Bucket List Movie #464: Haxan (1922)
Horror-tober continues with today's BLM, the 1922 Danish film Haxan (sometimes subtitled Witchcraft Through the Ages). A remarkably well-researched, insightful, gruesome, and emotionally wrenching thesis on the treatment of women accused of witchcraft in the Middle Ages, Haxan doesn't shy away from images of the devil (played by the film's director, Benjamin Christensen), corpses being used for curses, and pagans literally kissing the devil's ass.
Haxan is technically a documentary, with dramatized sequences. Though it's more niche that your typical documentary, I have to wonder if perhaps it inspired documentaries with dramatizations or re-enactments, such as Errol Morris's The Thin Blue Line. Haxan plays like the most twisted educational film ever, a teacher's pointer tracing along graphic illustrations and engravings depicting animals being used for potions, women being thrown in rivers to prove they're not witches, and, er, that whole devil's butt kissing. We are also shown rituals that were allegedly used in witchcraft during that time, including fingers from dead convicts, snakes, and baby's corpses (the model they use is still realistic enough to make any modern viewer cringe).
What Haxan boils down to is that people either believed certain women (if not most women) were witches, or were possessed by the Devil, or were freely in cahoots with the Devil. Christensen portrays the Devil as pure id personified, a squirrelly figure with a tongue that won't stay in his mouth. We see him lure women out of bed to have his way with them, and tempting them with dreams of riches just out of reach.
The film starts out with encyclopedic entries and re-enactments about witchcraft, but it eventually becomes a fictionalized narrative about a poor old woman, Marie the Weaver (Emmy Schonfeld), who is accused by the wife of the town's printer of witchcraft. Marie is taken by the cruelly pious monks, who practically salivate at the idea of punishing someone, anyone, who might be a witch. Marie, after being duly tortured (we are given a brief montage of how medieval torture devices work by a placid volunteer), turns the accusations against women who have wronged her in the past. At first it seems like a liberating, "hell yeah!" moment, until you realize this will do nothing but create a cycle of hate, fear, suspicion and cruelty that will never end. The woman who initially made the accusation against Marie is tried as a witch, but it doesn't even feel like karmic justice, because she's just as much a victim of ignorance and good old-fashioned crappy information as everyone else.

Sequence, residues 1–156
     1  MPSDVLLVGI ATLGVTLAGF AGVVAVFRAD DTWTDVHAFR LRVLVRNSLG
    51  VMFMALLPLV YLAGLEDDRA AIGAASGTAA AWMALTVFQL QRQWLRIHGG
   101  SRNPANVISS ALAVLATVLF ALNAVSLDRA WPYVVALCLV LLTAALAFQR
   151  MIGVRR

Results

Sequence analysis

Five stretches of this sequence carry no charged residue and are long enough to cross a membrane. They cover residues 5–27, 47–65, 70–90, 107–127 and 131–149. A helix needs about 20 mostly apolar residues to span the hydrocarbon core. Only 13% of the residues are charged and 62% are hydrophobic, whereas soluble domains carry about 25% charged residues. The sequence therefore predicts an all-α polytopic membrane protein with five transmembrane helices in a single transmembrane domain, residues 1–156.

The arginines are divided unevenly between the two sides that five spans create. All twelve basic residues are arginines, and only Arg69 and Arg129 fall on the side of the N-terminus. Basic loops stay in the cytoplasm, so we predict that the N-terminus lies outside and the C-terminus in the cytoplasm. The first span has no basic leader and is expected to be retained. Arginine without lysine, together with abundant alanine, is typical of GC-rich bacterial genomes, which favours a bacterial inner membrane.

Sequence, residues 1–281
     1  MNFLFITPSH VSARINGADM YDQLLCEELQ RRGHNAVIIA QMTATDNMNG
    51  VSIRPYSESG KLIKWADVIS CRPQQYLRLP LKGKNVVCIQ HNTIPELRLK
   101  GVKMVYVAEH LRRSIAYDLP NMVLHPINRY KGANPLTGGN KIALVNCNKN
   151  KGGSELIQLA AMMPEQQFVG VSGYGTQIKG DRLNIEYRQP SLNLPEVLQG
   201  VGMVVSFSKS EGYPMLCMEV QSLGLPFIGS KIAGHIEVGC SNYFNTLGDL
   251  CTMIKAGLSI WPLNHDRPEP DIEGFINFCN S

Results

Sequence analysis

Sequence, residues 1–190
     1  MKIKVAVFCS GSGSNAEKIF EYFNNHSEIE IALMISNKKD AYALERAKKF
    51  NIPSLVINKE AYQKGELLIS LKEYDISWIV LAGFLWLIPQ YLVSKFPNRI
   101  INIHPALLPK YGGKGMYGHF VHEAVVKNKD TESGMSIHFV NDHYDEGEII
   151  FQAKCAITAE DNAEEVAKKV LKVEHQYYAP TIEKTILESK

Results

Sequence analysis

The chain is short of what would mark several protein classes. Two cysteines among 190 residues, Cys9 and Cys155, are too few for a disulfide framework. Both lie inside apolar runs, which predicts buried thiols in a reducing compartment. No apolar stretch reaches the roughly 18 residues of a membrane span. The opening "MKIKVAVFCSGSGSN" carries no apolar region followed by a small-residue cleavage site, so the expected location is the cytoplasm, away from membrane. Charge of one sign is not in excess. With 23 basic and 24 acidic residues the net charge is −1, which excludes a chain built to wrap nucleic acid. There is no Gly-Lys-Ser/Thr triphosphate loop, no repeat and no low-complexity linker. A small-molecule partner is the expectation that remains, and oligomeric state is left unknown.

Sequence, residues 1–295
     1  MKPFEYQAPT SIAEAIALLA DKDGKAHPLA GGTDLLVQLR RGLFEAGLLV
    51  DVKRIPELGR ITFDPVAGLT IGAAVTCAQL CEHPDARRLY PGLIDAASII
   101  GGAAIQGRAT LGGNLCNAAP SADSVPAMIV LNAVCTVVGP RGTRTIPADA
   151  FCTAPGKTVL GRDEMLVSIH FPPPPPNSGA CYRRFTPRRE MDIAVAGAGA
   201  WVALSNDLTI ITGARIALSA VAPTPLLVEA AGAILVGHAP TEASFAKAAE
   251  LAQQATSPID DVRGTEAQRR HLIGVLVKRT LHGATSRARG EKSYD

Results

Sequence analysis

I can't say for sure if it was Christensen's intent, but nonetheless I think Haxan is an accidental feminist picture. It's already ahead of its time with its brief glimpses of nudity and graphic depictions of satanic rituals (the butt kissing and what not), but Haxan also addresses how women were treated in the Middle Ages. The title cards say that old women weren't safe, but neither were young ones. Old women were charged for looking like what people believed witches looked like, but young women were suspect for being attractive, and thereby "tempting" defenseless men. The film has a clever framing device, where it's revealed that women back then suffered from "hysteria", which brought about hallucinations, erratic behavior, and lack of feeling in parts of the body, and that is why they were believed to be witches. We are shown how women with hysteria in 1922 were treated, and it's little better, doctors treating them with condescension and mild disdain. I appreciated what Christensen was trying to tell us, but the film lost me when a woman who has been institutionalized is being forced to take a tepid shower, and it's compared to how women were once burned at the stake. Um, no, I'm sorry, but I think I speak for everyone when I say a tepid shower in the presence of a nurse will beat being burned at the stake any day of the week.
Still, Haxan is an important film, 92 years later, because society still doesn't know how to treat women, old, young, or anything in between. Girls are coddled and stifled, young women are ogled and patronized, middle-aged women are ignored and belittled, and old women are reviled and discarded. Even with the advent of feminism and how far women have come, we aren't even halfway there. To paraphrase Eliza Doolittle from My Fair Lady, the difference a lady and a witch is not how she behaves, but how she is treated. Praise be, we're certainly treated better, but with the daily reports of violence against women, and all the repulsive ways people find to shame women (be it slut-shaming, fat-shaming, age-shaming, etc.) it appears that society has yet to learn how to treat a lady.